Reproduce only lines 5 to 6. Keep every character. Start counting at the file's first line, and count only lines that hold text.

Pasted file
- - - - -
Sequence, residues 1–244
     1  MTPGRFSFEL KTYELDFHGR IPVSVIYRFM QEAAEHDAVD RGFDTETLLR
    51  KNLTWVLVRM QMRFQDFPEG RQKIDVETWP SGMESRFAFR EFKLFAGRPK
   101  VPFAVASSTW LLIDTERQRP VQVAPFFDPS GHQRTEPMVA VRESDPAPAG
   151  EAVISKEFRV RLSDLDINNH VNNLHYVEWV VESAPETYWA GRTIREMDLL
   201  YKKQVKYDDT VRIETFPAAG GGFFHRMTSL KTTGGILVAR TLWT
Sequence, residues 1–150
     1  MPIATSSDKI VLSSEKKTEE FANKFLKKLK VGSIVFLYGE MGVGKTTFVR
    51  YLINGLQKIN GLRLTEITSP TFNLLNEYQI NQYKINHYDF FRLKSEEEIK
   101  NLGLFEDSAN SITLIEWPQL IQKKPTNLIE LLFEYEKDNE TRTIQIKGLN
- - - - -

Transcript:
   151  EAVISKEFRV RLSDLDINNH VNNLHYVEWV VESAPETYWA GRTIREMDLL
   201  YKKQVKYDDT VRIETFPAAG GGFFHRMTSL KTTGGILVAR TLWT